I said below that Chinatown is the 1970s’ 1937. The Australian director Baz Luhrmann’s The Great Gatsby (2013) is not 2013’s 1922. It’s fantasyland’s 1922, with its hyperbright visuals, formidable set design, quicksilver editing, etc. It’s a pretty pleasurable trip from the man who directed Moulin Rouge, complete with Moulin Rouge romanticism, and if it’s style-over-substance, does this really matter so late in the game? Scott Fitzgerald’s novel has long been a classic, and everyone knows what its themes are. By this time we might as well see a highly visual Gatsby.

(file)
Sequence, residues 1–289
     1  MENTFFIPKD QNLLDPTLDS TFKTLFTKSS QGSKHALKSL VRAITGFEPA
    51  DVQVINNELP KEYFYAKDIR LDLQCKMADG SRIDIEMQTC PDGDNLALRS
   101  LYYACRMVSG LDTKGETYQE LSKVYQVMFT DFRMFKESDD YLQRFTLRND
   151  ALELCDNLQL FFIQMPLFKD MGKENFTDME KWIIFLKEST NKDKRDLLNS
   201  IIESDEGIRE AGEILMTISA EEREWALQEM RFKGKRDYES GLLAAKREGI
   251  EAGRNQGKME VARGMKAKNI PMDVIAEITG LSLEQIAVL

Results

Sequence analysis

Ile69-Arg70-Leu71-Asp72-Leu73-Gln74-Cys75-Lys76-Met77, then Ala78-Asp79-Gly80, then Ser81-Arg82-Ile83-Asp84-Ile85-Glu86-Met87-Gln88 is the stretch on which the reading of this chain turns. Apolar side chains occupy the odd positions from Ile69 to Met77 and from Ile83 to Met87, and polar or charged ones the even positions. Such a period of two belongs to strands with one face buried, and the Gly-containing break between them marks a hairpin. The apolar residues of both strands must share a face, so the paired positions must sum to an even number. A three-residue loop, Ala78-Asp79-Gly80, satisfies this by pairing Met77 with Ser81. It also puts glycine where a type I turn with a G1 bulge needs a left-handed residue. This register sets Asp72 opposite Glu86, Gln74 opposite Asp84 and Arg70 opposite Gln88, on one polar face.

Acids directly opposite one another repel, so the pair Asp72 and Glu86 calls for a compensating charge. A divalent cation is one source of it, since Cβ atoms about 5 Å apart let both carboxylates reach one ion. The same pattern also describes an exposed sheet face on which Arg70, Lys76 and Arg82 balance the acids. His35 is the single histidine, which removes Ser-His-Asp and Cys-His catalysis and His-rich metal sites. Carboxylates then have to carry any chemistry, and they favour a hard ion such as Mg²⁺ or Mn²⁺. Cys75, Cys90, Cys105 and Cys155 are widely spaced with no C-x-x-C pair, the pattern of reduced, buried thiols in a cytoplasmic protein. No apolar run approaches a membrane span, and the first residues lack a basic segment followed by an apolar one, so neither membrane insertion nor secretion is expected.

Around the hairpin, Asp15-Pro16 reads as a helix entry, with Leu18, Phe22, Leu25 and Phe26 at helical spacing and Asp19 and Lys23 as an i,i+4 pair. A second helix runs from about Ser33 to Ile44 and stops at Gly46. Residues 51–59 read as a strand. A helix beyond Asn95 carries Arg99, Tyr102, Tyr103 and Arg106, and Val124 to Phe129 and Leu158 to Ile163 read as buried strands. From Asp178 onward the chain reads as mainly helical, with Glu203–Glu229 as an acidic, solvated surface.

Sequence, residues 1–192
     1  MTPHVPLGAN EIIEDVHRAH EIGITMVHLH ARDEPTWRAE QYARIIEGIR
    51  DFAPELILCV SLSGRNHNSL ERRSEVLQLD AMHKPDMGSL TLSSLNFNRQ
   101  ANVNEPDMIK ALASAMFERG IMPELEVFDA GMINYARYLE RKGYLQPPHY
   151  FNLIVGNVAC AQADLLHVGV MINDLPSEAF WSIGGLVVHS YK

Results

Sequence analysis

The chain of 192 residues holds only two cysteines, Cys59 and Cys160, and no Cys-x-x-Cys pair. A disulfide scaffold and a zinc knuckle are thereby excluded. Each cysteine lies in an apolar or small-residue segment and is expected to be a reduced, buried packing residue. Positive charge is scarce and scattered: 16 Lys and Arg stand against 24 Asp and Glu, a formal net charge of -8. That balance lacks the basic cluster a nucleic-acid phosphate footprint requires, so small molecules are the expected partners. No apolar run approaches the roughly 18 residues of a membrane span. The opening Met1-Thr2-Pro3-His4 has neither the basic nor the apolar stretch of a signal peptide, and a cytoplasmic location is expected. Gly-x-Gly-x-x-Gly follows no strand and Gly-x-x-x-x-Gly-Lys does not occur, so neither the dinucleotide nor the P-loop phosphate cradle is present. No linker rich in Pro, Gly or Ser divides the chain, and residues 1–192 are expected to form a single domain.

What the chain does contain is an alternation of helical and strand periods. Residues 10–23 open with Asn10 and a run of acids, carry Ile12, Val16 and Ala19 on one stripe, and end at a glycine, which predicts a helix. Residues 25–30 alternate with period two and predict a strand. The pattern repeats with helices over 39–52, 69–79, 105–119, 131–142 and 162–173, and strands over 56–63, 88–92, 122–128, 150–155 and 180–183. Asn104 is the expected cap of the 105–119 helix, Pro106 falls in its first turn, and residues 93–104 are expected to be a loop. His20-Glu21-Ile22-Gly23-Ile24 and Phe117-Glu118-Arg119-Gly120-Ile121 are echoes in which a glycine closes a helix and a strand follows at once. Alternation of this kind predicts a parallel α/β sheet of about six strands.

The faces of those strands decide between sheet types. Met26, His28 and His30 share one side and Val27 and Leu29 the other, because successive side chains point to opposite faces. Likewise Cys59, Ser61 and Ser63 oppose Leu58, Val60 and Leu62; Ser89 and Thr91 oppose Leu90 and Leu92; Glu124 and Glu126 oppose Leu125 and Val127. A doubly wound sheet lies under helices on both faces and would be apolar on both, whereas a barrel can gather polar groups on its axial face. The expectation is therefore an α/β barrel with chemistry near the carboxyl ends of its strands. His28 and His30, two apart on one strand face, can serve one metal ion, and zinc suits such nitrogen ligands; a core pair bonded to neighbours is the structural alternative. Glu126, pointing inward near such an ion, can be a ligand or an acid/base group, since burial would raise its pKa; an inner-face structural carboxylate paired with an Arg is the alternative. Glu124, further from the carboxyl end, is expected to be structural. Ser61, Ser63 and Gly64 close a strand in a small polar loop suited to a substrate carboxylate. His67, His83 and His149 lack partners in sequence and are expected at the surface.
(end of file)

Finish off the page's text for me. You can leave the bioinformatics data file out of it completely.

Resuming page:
Leonardo DiCaprio (Jay Gatsby) is fine for Luhrmann’s purposes. Tobey McGuire, as Nick Carraway, is an impeccable, likable innocent. The women in the film don their gay apparel (that is, their dazzling costumes), and Carey Mulligan and Elizabeth Debicki look fabulous. The acting of both is effectual, even though Miss Mulligan is not really the Daisy Buchanan of the novel, which is Luhrmann’s fault. He co-wrote the screenplay. As Tom Buchanan Joel Edgerton starts out phony, but doesn’t stay there.
One wishes the writing in this glitzy entertainment had been consistently convincing but, at any rate, Luhrmann does respect Fitzgerald’s story—almost as much as he respects . . . glitzy entertainment.